In my second of a series on camera gear, it is time to talk about my “big cameras.” There are some really large cameras out there, like the one shown here, which was created by George R. Lawrence in 1900. But for me, a “big camera” refers to a 35mm DSLR (Digital Single Lens Reflex). Since everything is relative, this size is compared to my point and shoot and smart phone camera.
My introduction to the DSLR world was a Canon EOS Rebel XTi, also known as a 400D. Just as a side bar, I have never understood the Canon numbering system. You would think that the bigger the number, the larger and more sophisticated the camera. But that is not the case - the XTi (400D) is Canon’s entry level DSLR, a relatively low-priced, light-weight, crop-sensor digital camera with a fairly simple to use dial for the manual and semi-manual modes.
For the first four years, I used the fully automatic mode for 99% of my shots. I probably experimented with Aperture Priority mode a few times, but it was mostly the little green square of the Auto Mode that caught my fancy. I had no idea about f-stops or the relation between aperture, shutter speed and ISO. I really didn’t care; I was just happy to have pictures that came out looking relatively decent, and I was happy to have the camera figure that out for me.
Then my local high school had a class in photography, just enough to whet my appetite. Before I knew it, I was hooked, and started taking classes at the local community college, COD (College of DuPage). The instructors wanted us to shoot in manual mode, so I learned how to do that. They wanted us to shoot in RAW format, so I switched from JPEG to JPEG+RAW and finally to RAW, with a few glitches encountered along the way.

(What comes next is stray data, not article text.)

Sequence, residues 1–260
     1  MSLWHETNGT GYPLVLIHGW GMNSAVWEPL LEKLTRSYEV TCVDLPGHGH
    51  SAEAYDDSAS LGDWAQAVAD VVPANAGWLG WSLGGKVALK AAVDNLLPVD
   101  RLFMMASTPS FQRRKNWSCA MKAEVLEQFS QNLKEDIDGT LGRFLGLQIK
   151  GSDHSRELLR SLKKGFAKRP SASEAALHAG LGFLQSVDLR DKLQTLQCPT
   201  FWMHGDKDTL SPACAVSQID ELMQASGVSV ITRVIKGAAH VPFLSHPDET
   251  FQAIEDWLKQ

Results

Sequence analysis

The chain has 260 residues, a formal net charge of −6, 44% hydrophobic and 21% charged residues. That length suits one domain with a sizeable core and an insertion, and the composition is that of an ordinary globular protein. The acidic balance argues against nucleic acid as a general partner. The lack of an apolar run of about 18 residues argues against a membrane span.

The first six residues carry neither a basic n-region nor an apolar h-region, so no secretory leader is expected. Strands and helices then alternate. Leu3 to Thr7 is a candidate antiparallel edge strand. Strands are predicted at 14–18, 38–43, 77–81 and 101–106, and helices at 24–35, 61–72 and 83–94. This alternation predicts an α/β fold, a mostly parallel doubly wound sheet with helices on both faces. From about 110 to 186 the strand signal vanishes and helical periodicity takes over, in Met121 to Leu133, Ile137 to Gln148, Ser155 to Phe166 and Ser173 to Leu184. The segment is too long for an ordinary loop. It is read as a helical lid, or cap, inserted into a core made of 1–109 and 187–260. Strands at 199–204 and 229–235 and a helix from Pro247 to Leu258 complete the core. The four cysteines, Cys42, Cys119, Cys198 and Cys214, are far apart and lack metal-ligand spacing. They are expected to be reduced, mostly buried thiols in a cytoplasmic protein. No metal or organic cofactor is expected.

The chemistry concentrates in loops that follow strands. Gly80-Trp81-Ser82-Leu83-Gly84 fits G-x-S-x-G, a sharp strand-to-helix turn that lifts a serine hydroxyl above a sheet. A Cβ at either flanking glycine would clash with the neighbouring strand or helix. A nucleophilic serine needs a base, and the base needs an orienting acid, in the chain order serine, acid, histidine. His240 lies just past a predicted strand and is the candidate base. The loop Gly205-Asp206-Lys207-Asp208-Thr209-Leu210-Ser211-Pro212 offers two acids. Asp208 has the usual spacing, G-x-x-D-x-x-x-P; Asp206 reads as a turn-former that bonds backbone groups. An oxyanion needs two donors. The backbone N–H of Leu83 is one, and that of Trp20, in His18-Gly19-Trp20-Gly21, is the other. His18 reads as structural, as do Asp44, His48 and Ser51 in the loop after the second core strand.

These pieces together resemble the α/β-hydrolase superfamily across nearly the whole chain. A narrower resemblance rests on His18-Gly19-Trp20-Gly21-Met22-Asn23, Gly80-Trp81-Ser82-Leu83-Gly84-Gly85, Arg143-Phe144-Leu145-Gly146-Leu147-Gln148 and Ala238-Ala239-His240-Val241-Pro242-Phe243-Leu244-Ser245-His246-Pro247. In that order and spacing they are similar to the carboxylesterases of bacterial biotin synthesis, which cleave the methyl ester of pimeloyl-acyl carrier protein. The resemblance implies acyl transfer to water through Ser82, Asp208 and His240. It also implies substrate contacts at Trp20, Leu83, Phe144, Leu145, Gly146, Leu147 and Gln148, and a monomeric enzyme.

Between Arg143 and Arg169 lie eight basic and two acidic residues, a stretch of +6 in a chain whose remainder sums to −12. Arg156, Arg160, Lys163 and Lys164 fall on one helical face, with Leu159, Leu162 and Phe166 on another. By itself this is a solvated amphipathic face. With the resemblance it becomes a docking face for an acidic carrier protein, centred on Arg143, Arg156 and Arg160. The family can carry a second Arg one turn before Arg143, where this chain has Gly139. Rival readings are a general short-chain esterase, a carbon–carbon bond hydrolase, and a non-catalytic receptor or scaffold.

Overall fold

I discovered that I liked having full control over all those combinations that had so mystified me before. The XTi is relatively easy to use, and so it became second nature to spin the dial to get the right shutter speed or push in what I call the ‘alt’ button and spin the dial to change the aperture setting.
I learned how to blur the background, otherwise known as shallow depth of field. I figured out how to take group shots and include myself in them. I learned how to selectively focus, and how to use many other features and techniques to achieve the exact effect I was looking for. Even after several years with my XTi, I am still learning new things about it, still going back to my dog-eared manual to see what other capabilities it has. After six years with this camera, there are many settings that I have never used and may never use; and there are some features and instructions that still mystify me.
So, my DSLR is my camera of choice for “serious” work, for my personal projects, for class work, for images I exhibit and hope to sell. The point and shoot and cellphone cameras are for everyday and documentary shots that may live their life on my computer, or may find their way to social media, newsletters, and other means of sharing captured experiences with friends.
For comparison purposes, the XTi is a 10 megapixel camera. Actual file sizes vary, but my RAW images normally range between 8 and 9 MB, and are in a 3:2 aspect ratio, with dimensions of 3888 x 2592 pixels. I am happy with the print quality for both 8x10 and 11x14 inch prints. On a couple of occasions, I have made large-sized canvas prints, and been happy with the results.
The Lumix DMC-ZS3 is a 10 megapixel point-and-shoot camera that can take images in either a 3:2 or 4:3 aspect ratio. I use the 4:3 aspect ratio, and the JPEG file sizes are generally between 3 and 5MB, with dimensions of 3684 x 2736 pixels.
The camera on the iPhone 4S is an 8 megapixel camera. I have printed exhibition quality images as large as 11x14 inches. Most of my iPhone and point-and-shoot images are used for sharing and social media, and are quite suitable for internet use as well as print in newsletters.
Next time: limitations of the XTi, and moving up to the next level.